Saturday, January 23, 2010

China's Sovereign Wealth Fund's Operations August 2009 Through January 2010: The ActionPlans of Sovereign Activity in Private Markets

The Chinese Sovereign Wealth Fund has emerged at the end of last year as a powerful force in private markets. A review of its activities during the last six months suggests the way in which state policy, political objectives for economic activity can be harmoniously mixed with profit maximization to deepen a new form of investing that is neither entirely private (as conventionally understood) or wholly public. 

I have suggested that
The Chinese efforts to coordinate sovereign investing present a potentially substantial advance in the integration of programs of sovereign investing, public policy, and private markets.[1] This integration suggests that it may not make sense to segregate SWF regulation from other investment vehicles. Instead it may be possible for a state to employ a policy of politically motivated interventions in foreign markets and markets for control that is, simultaneously, financially motivated. It follows that sovereign investing may not be adequately regulated through frameworks that pretend sovereigns can detach pieces of themselves and operate them as if they had no connection to them or interest in them. At the same time, this integration suggests that sovereign investing is, to some extent, a captive of the markets in which they operate—sovereign investment entities abroad will be subject to those host state national regulatory regimes that affect, in equal measure, all economic organs and the markets in which they operate. Yet, the measure of that success, actualized in conventional terms, may continue to reflect a public and sovereign purpose effectuated within the territory of competitor sovereigns. The rise of sovereign market participatory entities, operating as a coordinated network of both sovereign and private actors, seeking to maximize economic and political objectives, will require a responsive regulatory framework substantially different from those currently in gestation. Larry Catá Backer, Sovereign Investing in Times of Crisis: Global Regulation of Sovereign Wealth Funds, State Owned Enterprises and the Chinese Experience. Transnational Law & Contemporary Problems, Vol. 19, No. 1, 2009; Penn State Legal Studies Research Paper No. 12-2009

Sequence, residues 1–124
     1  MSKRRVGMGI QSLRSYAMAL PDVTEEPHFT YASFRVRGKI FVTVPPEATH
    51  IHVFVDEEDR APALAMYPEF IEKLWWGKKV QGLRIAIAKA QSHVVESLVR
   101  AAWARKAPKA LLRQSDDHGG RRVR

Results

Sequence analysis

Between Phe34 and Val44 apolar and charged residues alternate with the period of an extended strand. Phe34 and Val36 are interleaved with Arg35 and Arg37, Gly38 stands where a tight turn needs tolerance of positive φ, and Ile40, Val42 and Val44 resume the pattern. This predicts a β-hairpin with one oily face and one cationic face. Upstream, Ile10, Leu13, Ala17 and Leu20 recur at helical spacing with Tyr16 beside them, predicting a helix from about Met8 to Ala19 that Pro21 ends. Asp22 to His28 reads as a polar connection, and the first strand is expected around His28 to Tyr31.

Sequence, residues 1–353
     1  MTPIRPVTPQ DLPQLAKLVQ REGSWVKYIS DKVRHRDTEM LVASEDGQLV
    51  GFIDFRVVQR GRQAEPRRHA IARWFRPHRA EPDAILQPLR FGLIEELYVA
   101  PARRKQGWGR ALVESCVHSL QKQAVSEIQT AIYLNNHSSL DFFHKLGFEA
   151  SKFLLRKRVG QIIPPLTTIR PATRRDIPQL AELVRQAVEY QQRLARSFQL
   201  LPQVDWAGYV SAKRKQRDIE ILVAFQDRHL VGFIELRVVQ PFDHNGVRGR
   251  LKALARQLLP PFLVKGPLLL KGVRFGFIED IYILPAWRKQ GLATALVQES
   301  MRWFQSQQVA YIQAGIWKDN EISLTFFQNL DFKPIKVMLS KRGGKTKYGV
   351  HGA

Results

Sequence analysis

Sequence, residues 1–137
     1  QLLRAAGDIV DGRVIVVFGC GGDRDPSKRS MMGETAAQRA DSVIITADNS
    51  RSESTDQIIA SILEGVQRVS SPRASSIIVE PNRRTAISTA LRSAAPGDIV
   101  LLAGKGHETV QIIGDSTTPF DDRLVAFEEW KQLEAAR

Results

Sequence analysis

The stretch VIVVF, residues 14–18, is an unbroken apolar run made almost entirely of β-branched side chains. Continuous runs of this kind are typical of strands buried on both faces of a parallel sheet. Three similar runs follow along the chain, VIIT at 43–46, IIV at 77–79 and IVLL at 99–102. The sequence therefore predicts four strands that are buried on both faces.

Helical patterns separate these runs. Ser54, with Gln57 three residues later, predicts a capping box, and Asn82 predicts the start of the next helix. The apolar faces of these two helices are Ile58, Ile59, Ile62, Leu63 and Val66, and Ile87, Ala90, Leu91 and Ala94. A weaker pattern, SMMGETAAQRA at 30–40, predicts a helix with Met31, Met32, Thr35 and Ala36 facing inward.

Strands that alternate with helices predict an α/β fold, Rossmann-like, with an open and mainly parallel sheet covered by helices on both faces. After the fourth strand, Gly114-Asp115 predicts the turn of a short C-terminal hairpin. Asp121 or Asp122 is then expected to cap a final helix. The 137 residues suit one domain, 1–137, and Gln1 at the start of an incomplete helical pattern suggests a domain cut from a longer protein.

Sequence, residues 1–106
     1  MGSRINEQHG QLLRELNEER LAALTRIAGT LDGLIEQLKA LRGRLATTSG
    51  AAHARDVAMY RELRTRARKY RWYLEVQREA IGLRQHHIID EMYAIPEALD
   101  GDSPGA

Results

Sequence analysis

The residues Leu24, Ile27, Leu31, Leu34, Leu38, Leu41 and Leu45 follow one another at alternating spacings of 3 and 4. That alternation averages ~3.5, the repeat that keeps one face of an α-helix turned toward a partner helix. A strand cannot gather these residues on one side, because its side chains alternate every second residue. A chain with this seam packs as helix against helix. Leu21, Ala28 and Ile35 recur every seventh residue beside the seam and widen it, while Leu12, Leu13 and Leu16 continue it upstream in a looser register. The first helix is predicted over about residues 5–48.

Xie Ping & Chao Chen, Sovereign Wealth Funds, Macroeconomic Policy Alignment and Financial Stability 3 (China Investment Corporation, Working Paper Series, 2008), suggested that  CIC was engaged in a sovereign investment strategy that coordinates all elements of public and private power, and, to some extent, private actors as well, to project state power abroad in a coordinated and directed way. “It is possible for size and behavior of investments by SWFs to affect a country’s financial market, monetary policy, balance of international payments, and fiscal policy, even wealth allocation in public sector and investment behaviors in private sector.” Id. at 3. The pattern of investment of CIC provides some support for this view.